Including charges totaling $381.9 million, the company posted a fourth-quarter operating loss of $353.2 million, or $2.49 per share. These charges relate to the write-off of goodwill mostly associated with Medicare market exits, restructuring plans announced in December and change-in-control costs related to the sale of its international and financial services businesses to Dutch financial services giant ING Groep NV last month.
With the sale, Aetna, one of the oldest U.S. insurers, became purely a health insurer. Its business now consists of health care, including dental, group insurance and related benefits, as well as a large case pensions unit.
Including discontinued operations, which comprise those businesses sold to ING, Aetna reported a net loss of $406.3 million, or $2.87 per common share, for the fourth quarter. This reflects a loss of $372.0 million, or $2.63 per common share, from continuing operations as a result of previously mentioned charges and the loss of $34.3 million from discontinued operations. The net loss compares with net income of $134.4 million, or 92 cents a common share, for the fourth quarter 1999.
Since the sale, Aetna has taken aggressive steps to tackle problems in its health insurance business, including plans to cut 5,000 jobs, or 13 percent of its work force.
Aetna, which has posted sluggish financial growth recently even as its managed care peers have enjoyed robust profits amid premium price increases, said the medical loss ratio in its Medicare HMO business was 97.5 percent in the quarter, significantly higher than in the prior-year period.
Aetna's total health membership stood at 19.3 million as of Dec. 31, a 6 percent decline during the year, the company said. Membership increased by 81,000 from the third quarter of 2000, but is expected to decrease overall in 2001 due to largely planned attrition at the company's Prudential Health Care business and Medicare HMO and commercial HMO product market exits. BACK TO TOP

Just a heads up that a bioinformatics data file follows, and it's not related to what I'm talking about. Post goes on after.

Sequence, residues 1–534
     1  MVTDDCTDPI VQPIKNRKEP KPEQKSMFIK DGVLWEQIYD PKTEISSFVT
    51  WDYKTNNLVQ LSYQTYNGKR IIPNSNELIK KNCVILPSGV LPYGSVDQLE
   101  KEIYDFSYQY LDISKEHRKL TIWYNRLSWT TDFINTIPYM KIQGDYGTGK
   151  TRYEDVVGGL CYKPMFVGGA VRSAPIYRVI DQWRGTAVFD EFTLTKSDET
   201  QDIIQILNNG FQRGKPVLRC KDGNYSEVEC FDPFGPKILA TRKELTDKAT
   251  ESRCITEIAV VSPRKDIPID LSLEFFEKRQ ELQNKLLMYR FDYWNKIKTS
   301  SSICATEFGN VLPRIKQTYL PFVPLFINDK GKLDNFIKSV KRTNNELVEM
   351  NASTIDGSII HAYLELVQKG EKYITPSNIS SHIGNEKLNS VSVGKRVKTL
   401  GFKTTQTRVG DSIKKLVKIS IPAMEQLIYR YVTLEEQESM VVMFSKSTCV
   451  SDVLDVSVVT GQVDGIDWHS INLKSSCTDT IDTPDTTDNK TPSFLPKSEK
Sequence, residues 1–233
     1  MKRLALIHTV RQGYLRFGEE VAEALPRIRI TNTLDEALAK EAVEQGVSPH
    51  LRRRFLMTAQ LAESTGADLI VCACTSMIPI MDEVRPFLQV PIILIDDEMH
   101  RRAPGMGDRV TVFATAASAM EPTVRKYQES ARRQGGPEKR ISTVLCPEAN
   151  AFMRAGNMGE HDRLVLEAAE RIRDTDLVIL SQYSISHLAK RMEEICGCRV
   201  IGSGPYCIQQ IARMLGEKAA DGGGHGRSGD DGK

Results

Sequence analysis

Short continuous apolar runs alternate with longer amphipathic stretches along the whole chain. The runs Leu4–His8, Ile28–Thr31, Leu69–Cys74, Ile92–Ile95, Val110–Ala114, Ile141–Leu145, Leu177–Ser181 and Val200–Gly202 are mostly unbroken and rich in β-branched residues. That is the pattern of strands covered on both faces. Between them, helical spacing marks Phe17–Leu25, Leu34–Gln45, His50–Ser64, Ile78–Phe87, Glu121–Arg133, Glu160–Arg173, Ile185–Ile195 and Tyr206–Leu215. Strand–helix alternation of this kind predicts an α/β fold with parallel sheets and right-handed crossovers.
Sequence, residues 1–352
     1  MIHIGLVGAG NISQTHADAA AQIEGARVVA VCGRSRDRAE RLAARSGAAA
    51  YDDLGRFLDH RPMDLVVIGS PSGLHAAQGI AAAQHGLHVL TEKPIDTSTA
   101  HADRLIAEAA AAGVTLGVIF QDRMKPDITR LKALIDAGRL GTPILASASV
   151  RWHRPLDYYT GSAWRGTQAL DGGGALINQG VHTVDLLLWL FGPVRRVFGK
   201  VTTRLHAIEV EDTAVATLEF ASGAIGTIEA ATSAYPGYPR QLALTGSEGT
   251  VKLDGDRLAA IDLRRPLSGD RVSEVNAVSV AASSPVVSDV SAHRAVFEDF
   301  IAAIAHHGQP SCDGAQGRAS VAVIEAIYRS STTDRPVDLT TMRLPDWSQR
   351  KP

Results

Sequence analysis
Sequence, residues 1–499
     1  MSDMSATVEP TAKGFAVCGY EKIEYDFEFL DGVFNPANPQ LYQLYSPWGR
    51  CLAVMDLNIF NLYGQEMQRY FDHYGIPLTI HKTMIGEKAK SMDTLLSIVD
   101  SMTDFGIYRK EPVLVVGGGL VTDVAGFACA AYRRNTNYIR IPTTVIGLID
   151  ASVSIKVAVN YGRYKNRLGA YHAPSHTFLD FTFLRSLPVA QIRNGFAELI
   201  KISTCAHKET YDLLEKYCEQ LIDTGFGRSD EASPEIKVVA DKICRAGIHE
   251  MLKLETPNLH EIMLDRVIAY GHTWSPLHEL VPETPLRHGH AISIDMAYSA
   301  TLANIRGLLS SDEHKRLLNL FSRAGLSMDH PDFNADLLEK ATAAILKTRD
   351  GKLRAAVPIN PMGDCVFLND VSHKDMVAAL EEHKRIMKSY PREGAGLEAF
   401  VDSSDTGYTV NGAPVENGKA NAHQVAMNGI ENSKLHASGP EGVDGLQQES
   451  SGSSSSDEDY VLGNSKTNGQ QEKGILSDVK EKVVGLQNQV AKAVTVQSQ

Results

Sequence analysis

Hershey Foods Posts Sweet Earnings On Strong Holiday Sales
Hershey Foods, the largest U.S. chocolate maker, said today its fourth-quarter earnings per share rose 20 percent, beating Wall Street's estimates, on increased sales.
The Hershey, Pa., maker of Hershey bars, Hershey Kisses and Reese's candies, said net income for the period rose to $116 million, or 84 cents per diluted share, from $98 million, or 70 cents a share, in the year-ago period.
Hershey, which has been expanding its product offerings with different sizes and flavors of old favorites, was expected to earn 82 cents a share, based on a recent poll of analysts by First Call/Thomson Financial.
Sales rose to $1.19 billion from $1.11 billion, boosted by strong sales around the Halloween and Christmas holidays.
The stock has outperformed the Standard & Poor's 500 Index by nearly 50 percent in the past 12 months. BACK TO TOP
Procter & Gamble's Core Profit Rises
Household products maker Procter & Gamble said today second-quarter profit rose 4 percent before unusual charges, beating Wall Street forecasts, as price increases, tax gains and the divestiture of its Clearasil business offset higher raw material costs.
The Cincinnati, Ohio-based maker of Tide laundry detergent, Crest toothpaste and a host of other products also said it was comfortable with the high end of analysts' earnings estimates for the full fiscal year.